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Digital single-lens reflex camera

A digital single-lens reflex camera (also called digital SLR or DSLR) is a digital camera that combines the optics and the mechanisms of a single-lens reflex camera with a digital imaging sensor, as opposed to photographic film. The reflex design scheme is the primary difference between a DSLR and other digital cameras. In the reflex design, light travels through the lens, then to a mirror that alternates to send the image to either the viewfinder or the image sensor. The traditional alternative would be to have a viewfinder with its own lens, hence the term "single lens" for this design. By using only one lens, the viewfinder of a DSLR presents an image that will not differ substantially from what is captured by the camera's sensor. A DSLR differs from non-reflex single-lens digital cameras in that the viewfinder presents a direct optical view through the lens, rather than being captured by the camera's image sensor and displayed by a digital screen.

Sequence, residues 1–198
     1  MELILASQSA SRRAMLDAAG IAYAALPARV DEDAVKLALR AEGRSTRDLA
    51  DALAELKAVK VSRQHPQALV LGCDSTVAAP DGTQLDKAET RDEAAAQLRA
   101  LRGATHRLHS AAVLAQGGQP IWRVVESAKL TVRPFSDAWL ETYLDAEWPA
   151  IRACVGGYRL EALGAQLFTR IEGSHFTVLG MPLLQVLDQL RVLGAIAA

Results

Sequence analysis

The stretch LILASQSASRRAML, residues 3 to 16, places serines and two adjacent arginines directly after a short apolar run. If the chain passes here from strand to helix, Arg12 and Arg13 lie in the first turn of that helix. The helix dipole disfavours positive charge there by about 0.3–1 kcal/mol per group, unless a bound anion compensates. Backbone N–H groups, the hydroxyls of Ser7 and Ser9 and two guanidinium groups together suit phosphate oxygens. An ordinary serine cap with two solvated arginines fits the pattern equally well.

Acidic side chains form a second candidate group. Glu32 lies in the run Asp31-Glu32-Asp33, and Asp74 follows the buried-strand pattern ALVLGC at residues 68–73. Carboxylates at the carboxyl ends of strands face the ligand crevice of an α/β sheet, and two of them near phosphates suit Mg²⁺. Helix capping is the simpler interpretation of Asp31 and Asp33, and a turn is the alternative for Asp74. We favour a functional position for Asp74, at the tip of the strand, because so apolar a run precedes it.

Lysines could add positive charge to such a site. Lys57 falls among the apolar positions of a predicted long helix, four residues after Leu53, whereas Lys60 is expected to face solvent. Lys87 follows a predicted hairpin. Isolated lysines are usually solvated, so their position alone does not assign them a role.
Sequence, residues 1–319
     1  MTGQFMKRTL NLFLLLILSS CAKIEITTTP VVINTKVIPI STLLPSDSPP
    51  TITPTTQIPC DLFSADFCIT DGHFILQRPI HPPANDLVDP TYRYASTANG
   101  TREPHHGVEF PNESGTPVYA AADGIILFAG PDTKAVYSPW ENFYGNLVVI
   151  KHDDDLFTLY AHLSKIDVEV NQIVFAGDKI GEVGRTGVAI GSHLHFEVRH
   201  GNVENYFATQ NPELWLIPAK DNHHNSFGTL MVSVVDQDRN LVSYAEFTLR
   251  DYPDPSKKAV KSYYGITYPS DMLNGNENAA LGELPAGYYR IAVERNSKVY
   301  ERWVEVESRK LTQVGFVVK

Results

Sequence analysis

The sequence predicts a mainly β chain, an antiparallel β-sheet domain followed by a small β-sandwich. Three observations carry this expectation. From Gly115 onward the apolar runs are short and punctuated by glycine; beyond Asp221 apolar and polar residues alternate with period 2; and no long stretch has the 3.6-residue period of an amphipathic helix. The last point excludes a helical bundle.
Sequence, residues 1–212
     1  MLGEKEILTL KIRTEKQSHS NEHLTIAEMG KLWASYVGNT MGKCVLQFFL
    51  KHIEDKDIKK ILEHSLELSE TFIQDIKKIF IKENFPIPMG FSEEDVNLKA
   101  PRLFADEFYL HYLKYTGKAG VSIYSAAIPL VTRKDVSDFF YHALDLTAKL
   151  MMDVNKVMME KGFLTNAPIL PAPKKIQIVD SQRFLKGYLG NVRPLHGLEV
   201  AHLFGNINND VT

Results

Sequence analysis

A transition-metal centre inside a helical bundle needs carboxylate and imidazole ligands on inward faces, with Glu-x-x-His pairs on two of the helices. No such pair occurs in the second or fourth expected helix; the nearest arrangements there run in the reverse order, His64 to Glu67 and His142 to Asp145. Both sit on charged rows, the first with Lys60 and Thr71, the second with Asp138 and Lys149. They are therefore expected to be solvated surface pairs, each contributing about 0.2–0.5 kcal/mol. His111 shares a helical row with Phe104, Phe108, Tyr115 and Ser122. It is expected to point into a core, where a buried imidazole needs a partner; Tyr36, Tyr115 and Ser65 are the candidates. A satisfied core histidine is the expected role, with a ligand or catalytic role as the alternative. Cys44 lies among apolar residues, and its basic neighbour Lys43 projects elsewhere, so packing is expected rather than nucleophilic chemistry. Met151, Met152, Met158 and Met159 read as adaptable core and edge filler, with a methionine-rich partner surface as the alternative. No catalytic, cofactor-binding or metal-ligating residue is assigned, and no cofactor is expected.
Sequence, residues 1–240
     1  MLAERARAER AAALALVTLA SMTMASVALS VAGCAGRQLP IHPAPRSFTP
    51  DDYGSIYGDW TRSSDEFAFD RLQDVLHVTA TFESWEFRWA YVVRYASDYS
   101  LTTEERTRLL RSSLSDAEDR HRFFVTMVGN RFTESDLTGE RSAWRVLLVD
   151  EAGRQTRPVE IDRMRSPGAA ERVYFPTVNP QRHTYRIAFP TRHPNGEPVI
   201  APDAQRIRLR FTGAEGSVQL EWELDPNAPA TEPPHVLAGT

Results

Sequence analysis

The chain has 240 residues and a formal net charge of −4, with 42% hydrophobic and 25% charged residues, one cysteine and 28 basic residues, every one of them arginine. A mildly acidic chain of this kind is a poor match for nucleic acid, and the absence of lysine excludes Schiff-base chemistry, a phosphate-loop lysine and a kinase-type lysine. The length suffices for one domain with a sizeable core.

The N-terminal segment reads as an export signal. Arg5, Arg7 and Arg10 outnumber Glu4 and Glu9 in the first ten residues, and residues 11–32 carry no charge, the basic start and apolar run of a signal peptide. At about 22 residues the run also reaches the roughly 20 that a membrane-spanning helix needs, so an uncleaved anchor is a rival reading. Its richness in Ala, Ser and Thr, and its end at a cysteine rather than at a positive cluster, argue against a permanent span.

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Its always important to know the type of camera your working with. The single-lens reflex camera are a great camera to own.

Contributed by Anna Timmerberg

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